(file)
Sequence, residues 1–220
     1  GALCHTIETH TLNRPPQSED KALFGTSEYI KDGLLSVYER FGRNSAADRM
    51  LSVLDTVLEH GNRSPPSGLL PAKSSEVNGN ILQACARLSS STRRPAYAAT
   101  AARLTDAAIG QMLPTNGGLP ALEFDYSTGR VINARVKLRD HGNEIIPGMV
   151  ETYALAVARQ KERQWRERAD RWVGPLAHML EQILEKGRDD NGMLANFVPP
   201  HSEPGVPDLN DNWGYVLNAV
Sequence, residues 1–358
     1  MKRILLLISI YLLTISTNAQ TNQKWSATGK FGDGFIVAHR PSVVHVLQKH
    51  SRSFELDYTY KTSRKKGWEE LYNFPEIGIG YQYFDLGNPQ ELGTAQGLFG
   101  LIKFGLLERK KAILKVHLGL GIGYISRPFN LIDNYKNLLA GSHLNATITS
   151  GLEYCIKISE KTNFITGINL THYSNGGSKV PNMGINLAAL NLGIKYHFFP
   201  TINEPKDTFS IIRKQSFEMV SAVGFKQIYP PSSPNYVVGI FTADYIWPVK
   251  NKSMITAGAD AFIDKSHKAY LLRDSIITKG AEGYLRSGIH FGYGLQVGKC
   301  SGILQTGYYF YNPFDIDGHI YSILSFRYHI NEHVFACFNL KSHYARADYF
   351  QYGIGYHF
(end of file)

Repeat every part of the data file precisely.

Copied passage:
Sequence, residues 1–220
     1  GALCHTIETH TLNRPPQSED KALFGTSEYI KDGLLSVYER FGRNSAADRM
    51  LSVLDTVLEH GNRSPPSGLL PAKSSEVNGN ILQACARLSS STRRPAYAAT
   101  AARLTDAAIG QMLPTNGGLP ALEFDYSTGR VINARVKLRD HGNEIIPGMV
   151  ETYALAVARQ KERQWRERAD RWVGPLAHML EQILEKGRDD NGMLANFVPP
   201  HSEPGVPDLN DNWGYVLNAV
Sequence, residues 1–358
     1  MKRILLLISI YLLTISTNAQ TNQKWSATGK FGDGFIVAHR PSVVHVLQKH
    51  SRSFELDYTY KTSRKKGWEE LYNFPEIGIG YQYFDLGNPQ ELGTAQGLFG
   101  LIKFGLLERK KAILKVHLGL GIGYISRPFN LIDNYKNLLA GSHLNATITS
   151  GLEYCIKISE KTNFITGINL THYSNGGSKV PNMGINLAAL NLGIKYHFFP
   201  TINEPKDTFS IIRKQSFEMV SAVGFKQIYP PSSPNYVVGI FTADYIWPVK
   251  NKSMITAGAD AFIDKSHKAY LLRDSIITKG AEGYLRSGIH FGYGLQVGKC
   301  SGILQTGYYF YNPFDIDGHI YSILSFRYHI NEHVFACFNL KSHYARADYF
   351  QYGIGYHF